The cost-effectiveness of tracking newborns with bilateral hearing impairment in Bavaria: a decision-analytic model
1 Section Quality of Health Care, Health Economics, Health System Analysis, Bavarian Health and Food Safety Authority, Eggenreuther Weg 43, 91058, Erlangen, Germany
2 Institute of Health Economics and Health Care Management, Munich School of Management, Ludwig-Maximilians-Universität München, Ludwigstraße 28, 80539, Munich, Germany
3 Institute of Health Economics and Health Care Management, Helmholtz Zentrum München – German Research Centre for Environmental Health, Ingolstädter Landstraße 1, 85764, Neuherberg, Germany
4 Screening Centre of the Bavarian Health and Food Safety Authority, Veterinärstr. 2, 85764, Oberschleißheim, Germany
BMC Health Services Research 2012, 12:418 doi:10.1186/1472-6963-12-418Published: 22 November 2012
Although several countries, including Germany, have established newborn hearing screening programmes for early detection and treatment of newborns with hearing impairments, nationwide tracking systems for follow-up of newborns with positive test results until diagnosis of hearing impairment have often not been implemented. However, a recent study on universal newborn hearing screening in Bavaria showed that, in a high proportion of newborns, early diagnosis was only possible with the use of a tracking system. The aim of this study was, therefore, to assess the cost-effectiveness of tracking newborns with bilateral hearing impairment in Bavaria.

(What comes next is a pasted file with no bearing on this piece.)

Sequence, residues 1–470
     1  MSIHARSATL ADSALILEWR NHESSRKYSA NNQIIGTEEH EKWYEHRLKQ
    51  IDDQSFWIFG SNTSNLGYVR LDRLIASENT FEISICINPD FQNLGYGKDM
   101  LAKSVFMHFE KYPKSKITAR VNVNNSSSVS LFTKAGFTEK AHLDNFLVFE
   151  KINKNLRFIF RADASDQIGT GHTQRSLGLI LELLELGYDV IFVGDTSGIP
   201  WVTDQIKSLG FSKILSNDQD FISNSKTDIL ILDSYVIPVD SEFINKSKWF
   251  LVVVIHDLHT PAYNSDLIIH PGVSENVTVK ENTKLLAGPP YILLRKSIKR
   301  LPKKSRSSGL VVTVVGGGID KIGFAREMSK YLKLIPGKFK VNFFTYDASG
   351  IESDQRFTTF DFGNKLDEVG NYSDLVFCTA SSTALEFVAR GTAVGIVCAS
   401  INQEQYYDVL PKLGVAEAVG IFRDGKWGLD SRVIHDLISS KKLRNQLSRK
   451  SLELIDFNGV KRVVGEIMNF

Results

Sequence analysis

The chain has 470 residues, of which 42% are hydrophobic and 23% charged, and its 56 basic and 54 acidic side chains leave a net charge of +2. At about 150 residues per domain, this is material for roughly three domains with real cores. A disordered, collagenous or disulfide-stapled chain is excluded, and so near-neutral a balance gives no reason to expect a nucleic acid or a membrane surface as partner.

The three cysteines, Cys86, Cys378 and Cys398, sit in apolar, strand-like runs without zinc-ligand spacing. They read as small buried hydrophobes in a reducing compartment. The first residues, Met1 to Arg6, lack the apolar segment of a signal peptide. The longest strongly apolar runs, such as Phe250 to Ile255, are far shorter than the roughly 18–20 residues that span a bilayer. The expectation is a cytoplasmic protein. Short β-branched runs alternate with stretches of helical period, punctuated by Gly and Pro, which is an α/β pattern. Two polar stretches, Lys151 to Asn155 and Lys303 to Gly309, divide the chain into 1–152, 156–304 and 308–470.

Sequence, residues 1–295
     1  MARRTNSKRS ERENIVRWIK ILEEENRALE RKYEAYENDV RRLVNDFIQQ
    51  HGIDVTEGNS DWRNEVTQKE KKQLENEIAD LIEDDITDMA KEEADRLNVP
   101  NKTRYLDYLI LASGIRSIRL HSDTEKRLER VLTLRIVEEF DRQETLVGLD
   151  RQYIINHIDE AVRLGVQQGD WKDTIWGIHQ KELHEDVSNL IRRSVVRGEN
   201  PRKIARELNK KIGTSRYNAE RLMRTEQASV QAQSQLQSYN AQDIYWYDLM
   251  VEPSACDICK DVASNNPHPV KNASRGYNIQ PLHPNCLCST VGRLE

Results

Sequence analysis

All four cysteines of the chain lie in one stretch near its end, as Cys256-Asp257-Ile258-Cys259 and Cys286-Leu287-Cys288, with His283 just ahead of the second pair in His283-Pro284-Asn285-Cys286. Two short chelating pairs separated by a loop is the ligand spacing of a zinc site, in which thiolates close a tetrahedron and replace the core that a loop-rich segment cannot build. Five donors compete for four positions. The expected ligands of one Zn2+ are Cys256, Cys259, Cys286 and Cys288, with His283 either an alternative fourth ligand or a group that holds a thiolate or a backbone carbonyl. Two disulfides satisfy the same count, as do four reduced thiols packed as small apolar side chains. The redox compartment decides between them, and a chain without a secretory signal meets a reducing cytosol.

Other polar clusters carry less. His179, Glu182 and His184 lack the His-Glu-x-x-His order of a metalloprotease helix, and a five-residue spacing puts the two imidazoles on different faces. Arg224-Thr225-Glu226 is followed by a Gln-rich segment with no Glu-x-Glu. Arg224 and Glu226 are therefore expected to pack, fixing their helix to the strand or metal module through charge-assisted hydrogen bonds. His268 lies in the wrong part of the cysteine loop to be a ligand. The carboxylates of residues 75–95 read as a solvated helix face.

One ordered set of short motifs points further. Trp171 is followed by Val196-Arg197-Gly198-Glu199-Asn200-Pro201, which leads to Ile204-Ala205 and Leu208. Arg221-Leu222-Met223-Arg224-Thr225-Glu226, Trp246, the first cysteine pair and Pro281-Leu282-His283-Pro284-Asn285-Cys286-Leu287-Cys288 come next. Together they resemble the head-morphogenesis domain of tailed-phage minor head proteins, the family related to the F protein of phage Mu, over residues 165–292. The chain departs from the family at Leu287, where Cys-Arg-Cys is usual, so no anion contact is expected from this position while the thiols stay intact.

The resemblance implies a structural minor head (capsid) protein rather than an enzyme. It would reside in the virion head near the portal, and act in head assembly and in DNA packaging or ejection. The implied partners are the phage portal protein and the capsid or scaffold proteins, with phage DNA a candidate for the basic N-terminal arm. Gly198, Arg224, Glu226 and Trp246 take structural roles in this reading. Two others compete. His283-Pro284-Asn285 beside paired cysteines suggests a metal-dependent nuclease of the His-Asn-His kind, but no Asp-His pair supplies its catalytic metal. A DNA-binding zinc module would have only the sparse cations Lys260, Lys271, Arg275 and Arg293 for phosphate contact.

Data from a Bavarian pilot project on newborn hearing screening and Bavarian newborn hearing screening facilities were used to assess the cost-effectiveness of the inclusion of a tracking system within a newborn hearing screening programme. A model-based cost-effectiveness analysis was conducted. The time horizon of the model was limited to the newborn hearing screening programme. Costs of the initial hearing screening test and subsequent tests were included, as well as costs of diagnosis and costs of tracking. The outcome measure of the economic analysis was the cost per case of bilateral hearing impairment detected. In order to reflect uncertainty, deterministic and probabilistic sensitivity analyses were performed.
The incremental cost-effectiveness ratio of tracking vs. no tracking was €1,697 per additional case of bilateral hearing impairment detected.
Compared with no tracking, tracking resulted in more cases of bilateral hearing impairment detected as well as higher costs. If society is willing to pay at least €1,697 per additional case of bilateral hearing impairment detected, tracking can be recommended.